Palo Alto to launch fraud hotline for city workers

In revamp of ethics policies, city plans to develop new 'code of conduct'

City workers who sniff out fraud at Palo Alto's City Hall could soon have a new whistle-blowing tool at their disposal.

The city is preparing to revamp its ethics policies and is considering a new whistleblower hotline that employees could use to report workplace fraud, waste and abuse. City officials are undertaking these parallel efforts to comply with a 2008 ethics audit issued by then-City Auditor Sharon Erickson.

The city has already implemented four of the audit's seven recommendations, including provision of periodic ethics training for employees, devoting a section on the city's internal website to ethics policies, requiring supervisors to review workers' Form 700s (legally required statements of economic interest), and surveying the employees' ethical culture. City officials hope to complete the three remaining recommendations -- a formal policy on ethics training, an official "code of ethics" and a new fraud, waste and abuse hotline -- by the end of the year.

Assistant City Manager Pamela Antil said the city has already begun its effort to institute a clear ethics policy to guide employees' conduct. The policy, she told the Weekly, would be based on "values," rather than rules. The city's consultant, Tom Shanks of The Ethics Company, has been discussing the policy with senior City Hall staff.

"Rather than just adopting a code of ethics (from existing agencies and organizations), we have decided to create our own program that will be for all of our workforce to build an ethical culture and enhance public trust," Antil said.

Erickson had recommended a new ethics code and a formal ethics-training program to clarify what she characterized as the city's "scattered" policies. Codes of ethics, she wrote, "are commonly used to promote ethical values and help avoid problems.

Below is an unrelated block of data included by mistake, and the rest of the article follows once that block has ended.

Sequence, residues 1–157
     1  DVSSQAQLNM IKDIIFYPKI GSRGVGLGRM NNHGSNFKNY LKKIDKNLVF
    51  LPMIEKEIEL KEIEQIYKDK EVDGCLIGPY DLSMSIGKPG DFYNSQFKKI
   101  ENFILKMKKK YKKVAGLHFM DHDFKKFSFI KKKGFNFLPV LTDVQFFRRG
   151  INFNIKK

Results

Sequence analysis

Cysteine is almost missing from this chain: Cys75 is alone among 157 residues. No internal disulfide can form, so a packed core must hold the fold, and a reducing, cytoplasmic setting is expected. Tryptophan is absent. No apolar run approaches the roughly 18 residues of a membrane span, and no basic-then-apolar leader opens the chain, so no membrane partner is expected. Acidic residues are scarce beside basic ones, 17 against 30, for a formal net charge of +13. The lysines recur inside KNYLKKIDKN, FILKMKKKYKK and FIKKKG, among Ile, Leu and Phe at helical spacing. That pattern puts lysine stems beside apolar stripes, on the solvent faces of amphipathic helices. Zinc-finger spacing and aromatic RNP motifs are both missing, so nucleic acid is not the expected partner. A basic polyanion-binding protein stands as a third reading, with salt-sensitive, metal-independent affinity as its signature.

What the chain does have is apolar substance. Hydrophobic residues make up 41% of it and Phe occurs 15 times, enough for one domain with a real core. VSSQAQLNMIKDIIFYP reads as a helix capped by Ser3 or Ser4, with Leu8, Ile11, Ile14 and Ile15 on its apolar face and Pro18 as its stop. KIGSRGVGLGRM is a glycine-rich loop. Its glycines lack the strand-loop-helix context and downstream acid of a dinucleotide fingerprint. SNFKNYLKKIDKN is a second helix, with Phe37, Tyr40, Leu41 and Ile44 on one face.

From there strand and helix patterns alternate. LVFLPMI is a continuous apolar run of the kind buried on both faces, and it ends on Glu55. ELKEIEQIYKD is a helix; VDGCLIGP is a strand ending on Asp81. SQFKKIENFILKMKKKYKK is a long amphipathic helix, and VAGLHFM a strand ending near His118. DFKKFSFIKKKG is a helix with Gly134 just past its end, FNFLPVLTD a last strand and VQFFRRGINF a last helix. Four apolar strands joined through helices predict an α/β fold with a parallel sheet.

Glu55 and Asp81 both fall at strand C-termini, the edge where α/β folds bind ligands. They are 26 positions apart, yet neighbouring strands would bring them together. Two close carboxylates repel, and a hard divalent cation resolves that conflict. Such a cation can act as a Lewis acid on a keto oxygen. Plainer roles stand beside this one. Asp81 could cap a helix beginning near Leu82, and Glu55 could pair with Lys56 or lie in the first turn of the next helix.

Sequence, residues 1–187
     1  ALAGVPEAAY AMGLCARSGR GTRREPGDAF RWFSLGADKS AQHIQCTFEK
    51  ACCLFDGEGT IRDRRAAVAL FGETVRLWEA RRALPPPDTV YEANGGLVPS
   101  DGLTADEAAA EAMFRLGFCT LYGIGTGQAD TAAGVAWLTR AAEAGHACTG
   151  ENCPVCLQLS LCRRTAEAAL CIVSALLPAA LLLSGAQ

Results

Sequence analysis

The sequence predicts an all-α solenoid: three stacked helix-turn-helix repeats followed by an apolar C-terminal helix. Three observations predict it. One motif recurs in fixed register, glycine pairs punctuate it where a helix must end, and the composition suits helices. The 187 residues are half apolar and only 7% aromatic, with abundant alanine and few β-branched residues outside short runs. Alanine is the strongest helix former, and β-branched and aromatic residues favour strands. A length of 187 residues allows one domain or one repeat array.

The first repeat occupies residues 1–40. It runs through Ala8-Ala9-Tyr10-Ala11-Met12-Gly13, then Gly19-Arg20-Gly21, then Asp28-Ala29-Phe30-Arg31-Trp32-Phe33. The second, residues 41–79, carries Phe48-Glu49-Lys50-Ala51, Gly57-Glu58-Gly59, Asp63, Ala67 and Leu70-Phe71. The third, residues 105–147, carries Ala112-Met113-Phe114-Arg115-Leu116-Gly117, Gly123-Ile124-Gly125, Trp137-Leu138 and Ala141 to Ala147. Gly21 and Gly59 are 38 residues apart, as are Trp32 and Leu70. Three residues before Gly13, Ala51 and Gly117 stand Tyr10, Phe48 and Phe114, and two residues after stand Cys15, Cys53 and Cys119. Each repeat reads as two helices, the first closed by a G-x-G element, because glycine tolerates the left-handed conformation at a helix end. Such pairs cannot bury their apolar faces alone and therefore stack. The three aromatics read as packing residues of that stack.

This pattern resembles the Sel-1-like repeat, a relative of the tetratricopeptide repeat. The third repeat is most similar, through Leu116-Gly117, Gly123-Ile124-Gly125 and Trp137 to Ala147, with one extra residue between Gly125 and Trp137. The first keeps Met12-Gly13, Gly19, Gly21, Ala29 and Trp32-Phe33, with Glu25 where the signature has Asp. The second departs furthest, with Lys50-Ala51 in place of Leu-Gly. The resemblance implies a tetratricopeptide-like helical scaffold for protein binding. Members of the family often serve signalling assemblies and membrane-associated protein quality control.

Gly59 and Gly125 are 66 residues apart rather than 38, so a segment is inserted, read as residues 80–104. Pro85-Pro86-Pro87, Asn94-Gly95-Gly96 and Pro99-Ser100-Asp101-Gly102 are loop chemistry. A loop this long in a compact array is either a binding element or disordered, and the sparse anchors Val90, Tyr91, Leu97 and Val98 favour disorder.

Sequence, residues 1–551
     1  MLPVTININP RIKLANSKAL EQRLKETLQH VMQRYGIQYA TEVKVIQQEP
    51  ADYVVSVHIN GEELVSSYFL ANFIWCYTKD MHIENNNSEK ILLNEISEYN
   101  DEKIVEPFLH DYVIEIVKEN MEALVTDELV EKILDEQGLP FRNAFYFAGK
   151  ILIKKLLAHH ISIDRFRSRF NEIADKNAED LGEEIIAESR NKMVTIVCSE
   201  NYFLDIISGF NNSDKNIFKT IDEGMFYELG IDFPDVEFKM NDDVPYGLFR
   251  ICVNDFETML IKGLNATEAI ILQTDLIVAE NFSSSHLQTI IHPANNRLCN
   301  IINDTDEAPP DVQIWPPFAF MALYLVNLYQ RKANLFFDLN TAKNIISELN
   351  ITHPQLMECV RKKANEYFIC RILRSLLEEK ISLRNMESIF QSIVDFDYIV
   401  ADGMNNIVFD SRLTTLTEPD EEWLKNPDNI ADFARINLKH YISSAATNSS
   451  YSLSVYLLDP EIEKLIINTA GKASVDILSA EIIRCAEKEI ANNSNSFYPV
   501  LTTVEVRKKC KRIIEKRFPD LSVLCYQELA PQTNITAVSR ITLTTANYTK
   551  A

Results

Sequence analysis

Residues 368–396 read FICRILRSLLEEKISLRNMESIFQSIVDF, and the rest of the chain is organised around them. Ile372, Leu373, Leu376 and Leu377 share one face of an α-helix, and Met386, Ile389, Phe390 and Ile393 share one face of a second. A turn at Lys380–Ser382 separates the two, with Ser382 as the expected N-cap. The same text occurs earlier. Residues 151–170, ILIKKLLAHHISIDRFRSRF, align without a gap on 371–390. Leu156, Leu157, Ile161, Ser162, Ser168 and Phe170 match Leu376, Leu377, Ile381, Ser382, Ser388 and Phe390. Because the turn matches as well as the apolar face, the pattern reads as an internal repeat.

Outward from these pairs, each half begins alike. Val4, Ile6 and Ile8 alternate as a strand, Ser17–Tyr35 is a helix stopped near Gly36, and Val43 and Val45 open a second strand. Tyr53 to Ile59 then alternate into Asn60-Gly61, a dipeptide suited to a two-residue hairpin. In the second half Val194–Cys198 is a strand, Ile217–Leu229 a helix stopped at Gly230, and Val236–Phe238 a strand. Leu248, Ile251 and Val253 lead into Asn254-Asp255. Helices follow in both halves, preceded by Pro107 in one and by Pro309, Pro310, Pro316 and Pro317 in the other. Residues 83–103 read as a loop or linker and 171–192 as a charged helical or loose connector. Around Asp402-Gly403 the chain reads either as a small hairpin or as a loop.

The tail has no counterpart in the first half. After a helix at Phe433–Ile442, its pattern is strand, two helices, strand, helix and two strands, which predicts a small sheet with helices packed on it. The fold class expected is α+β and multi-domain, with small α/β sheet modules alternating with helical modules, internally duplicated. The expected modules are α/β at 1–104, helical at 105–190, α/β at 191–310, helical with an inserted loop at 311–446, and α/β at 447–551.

"While Palo Alto has a plethora of rules and regulations, and offers some ethics training for employees, it does not have a formal employee code of ethics or employee ethics program," Erickson wrote.

She also recommended the new hotline, citing a study by the Association of Certified Examiners that found organizations with fraud hotlines had a median loss of $100,000 per fraud scheme, compared to $200,000 in organizations without such a hotline. The organizations with fraud hotlines also detected the fraud within 15 months of inception, compared to 24 months for those without the hotlines.

"These programs can be provided at minimal cost," she wrote. "Studies indicate that the City could minimize potential losses by establishing a hotline and whistleblower policy and procedures."

So far, Palo Alto officials have been cautious about the potential costs of the new hotline and the ways in which the tool would be used. In July 2010, the council's Policy and Services Committee recommended pursuing the hotline but specified the city should create policies and procedures before the hotline is implemented.

Under the pilot proposal currently on the table, the whistleblower hotline would be available to city workers but not to the general public -- the same model currently used in Stockton, San Bernardino County and Mesa, Ariz. Some cities, including San Francisco, Oakland and San Diego, also allow residents to use these hotlines to report fraud.

Members of the Policies and Services Committee and staff agreed the new line should not become a tool used by residents to make every kind of complaint against the city. Antil pointed out at the July meeting that Palo Alto is much smaller than the cities whose hotlines allow citizen complaints. The city, she said, does not have the resources to pursue every allegation or to hire new staff to chase down complaints about potholes or tree branches.

"We didn't want it to turn into something that people use as a catch-all for every complaint," Antil told the Weekly.

Palo Alto officials plan to have a third party oversee the hotline. The offices of the city auditor, the city manager and the city attorney will work together in the coming months to develop the general protocols and procedures for responding to complaints, according to a recent report from the auditor's office. They hope to complete this effort by December.

Ian Hagerman, a senior auditor at the City Auditor's Office, said his office is in the midst of developing protocols, evaluating vendors and studying examples from other jurisdictions. The goal, he said, is to make sure the new policies "fit Palo Alto." The effort was delayed by staff changes in both the city auditor's and the city manager's office, he said, citing the departures of Erickson and (former assistant city manager) Emily Harrison.